The substance of this appeal focuses on what Father did, or did not do, to maintain his relationship with the Children following the incident in January 2017. After Father was arrested in January 2017, he spent two days in jail followed by either three days or "almost two weeks" in a hospital. Id. at 21, 62-63. However, Father posted bail and remained free until his sentencing in February 2018. Id. During the year that Father remained free, he did not request that the PFA court modify the order against him so that he could have contact with the Children.3 Father explained that he agreed to the PFA order, and did not attempt to modify it later, due to the advice of his criminal defense counsel, who cautioned him that PFA proceedings could affect the outcome of his criminal matter. Id. at 51, 64. After Father's sentencing and incarceration in February 2018, he once again did not request modification of the PFA order. According to Father, he did not request modification because he suffers from dyslexia and cannot read or write. Id. at 43, 52-53. Father explained that he could not represent himself in a modification proceeding because the jail and prison facilities where he resided did not offer services to assist him with his illiteracy, and that he had been unable to afford private counsel. Id. at 66-69, 71-73.

On July 19, 2018, the Petitioners filed petitions to terminate Father's parental rights to the Children involuntarily.4 The orphans' court conducted a hearing on June 4, 2019. Father retained private counsel to represent him during the hearing. He remained incarcerated at the time and participated via videoconference. Ultimately, the court entered a decree on August 5, 2019, denying termination. The Petitioners timely filed notices of appeal, along with concise statements of errors complained of on appeal, on August 30, 2019.5, 6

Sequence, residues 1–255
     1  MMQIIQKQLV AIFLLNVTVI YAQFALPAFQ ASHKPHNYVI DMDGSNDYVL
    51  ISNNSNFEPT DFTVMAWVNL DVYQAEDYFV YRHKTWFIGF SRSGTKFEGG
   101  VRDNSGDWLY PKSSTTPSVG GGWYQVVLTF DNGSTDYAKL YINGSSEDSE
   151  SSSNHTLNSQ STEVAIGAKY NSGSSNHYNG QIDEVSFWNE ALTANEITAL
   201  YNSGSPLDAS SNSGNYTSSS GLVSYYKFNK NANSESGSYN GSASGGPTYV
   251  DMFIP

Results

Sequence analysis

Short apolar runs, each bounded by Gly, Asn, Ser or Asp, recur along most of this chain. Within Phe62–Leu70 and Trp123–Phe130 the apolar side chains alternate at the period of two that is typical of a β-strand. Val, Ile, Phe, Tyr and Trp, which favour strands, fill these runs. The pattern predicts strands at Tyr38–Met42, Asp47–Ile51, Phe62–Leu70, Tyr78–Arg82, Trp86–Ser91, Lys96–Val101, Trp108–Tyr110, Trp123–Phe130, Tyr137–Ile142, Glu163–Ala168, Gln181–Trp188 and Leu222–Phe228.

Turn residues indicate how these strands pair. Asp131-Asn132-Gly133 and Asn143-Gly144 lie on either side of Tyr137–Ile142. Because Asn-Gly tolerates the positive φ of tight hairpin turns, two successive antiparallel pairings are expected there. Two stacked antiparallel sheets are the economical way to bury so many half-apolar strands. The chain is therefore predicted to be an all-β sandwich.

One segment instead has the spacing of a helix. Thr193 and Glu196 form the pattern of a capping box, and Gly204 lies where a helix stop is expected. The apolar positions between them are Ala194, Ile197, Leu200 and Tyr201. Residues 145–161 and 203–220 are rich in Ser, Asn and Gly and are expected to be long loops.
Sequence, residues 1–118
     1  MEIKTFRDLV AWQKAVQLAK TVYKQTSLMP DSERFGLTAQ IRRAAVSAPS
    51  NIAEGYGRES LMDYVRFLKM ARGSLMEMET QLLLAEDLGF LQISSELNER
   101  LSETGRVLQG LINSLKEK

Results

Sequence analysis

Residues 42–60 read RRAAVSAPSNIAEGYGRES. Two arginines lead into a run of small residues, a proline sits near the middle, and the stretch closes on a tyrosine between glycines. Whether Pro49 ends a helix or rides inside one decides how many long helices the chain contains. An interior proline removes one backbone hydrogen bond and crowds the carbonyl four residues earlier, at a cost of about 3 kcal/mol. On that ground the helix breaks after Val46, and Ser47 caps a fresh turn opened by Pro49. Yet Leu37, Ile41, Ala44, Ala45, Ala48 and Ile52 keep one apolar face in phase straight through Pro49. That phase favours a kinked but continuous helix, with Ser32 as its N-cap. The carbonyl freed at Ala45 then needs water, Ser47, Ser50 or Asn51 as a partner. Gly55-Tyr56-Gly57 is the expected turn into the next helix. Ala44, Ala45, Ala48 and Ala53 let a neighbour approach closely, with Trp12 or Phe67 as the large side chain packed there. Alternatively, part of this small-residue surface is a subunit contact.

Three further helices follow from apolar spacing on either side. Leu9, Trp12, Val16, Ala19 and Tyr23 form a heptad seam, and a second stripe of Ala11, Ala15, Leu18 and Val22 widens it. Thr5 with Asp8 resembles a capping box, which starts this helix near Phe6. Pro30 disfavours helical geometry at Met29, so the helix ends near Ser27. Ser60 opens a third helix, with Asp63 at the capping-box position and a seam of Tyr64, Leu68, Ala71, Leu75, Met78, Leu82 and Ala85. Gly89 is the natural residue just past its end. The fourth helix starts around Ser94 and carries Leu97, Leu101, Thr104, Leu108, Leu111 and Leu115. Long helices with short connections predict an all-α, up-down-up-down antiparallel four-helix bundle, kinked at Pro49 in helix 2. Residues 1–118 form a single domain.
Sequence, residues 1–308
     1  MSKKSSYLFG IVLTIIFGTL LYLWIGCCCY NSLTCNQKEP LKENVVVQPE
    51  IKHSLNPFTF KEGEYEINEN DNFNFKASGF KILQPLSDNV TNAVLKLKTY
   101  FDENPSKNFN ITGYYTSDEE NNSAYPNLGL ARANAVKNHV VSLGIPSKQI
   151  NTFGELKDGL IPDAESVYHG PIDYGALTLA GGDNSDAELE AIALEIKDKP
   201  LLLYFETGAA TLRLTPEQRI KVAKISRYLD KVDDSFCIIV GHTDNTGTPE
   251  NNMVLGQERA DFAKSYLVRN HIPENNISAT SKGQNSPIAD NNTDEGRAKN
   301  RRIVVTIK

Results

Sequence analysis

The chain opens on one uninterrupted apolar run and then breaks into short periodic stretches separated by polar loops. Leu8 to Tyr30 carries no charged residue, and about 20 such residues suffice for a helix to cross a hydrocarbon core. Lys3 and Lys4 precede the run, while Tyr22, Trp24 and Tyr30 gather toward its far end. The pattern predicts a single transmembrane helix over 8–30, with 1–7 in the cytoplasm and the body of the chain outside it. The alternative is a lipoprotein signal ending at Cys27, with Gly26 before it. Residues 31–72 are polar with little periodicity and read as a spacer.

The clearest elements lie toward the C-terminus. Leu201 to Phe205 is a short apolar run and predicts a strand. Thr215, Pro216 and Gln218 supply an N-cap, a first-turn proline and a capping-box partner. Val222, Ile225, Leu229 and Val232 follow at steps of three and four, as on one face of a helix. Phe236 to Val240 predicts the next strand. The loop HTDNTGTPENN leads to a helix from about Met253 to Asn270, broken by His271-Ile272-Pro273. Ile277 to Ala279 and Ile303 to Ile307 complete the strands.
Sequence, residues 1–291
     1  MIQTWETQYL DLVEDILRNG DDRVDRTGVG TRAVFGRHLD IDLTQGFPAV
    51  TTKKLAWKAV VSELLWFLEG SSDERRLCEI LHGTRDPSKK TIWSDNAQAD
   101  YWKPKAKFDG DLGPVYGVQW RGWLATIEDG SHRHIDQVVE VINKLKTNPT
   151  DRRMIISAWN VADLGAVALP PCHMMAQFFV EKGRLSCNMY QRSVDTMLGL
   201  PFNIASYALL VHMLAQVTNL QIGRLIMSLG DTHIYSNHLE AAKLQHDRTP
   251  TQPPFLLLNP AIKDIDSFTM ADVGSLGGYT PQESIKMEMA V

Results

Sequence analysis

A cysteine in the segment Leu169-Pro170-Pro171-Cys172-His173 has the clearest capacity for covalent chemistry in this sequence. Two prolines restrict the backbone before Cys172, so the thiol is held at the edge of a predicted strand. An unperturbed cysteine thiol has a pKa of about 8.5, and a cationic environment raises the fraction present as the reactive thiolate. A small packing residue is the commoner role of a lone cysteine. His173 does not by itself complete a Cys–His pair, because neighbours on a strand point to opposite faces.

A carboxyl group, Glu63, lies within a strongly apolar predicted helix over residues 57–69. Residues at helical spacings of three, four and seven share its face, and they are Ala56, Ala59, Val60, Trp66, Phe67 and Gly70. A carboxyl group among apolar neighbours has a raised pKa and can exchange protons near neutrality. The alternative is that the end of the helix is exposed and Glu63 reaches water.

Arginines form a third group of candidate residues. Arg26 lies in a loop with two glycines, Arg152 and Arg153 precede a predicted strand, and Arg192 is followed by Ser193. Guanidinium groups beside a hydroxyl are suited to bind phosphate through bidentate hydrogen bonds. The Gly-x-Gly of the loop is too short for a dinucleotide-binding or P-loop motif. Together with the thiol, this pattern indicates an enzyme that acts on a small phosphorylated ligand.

The Petitioners now raise the following claim for our review: Did the [orphans'] court abuse its discretion or commit an error of law in its August 2, 2019 [decree] by finding that the PFA order, Father's incarceration, reliance on counsel, dyslexia, and lack of financial means were reasonable excuses for his failure to perform parental duties in excess of six months and legitimate barriers supporting a denial of the [p]etitions to terminate his parental rights?

The Petitioners' Brief at 7.

We consider the Petitioners' claim pursuant to the following standard of review: The standard of review in termination of parental rights cases requires appellate courts to accept the findings of fact and credibility determinations of the trial court if they are supported by the record. If the factual findings are supported, appellate courts review to determine if the trial court made an error of law or abused its discretion. A decision may be reversed for an abuse of discretion only upon demonstration...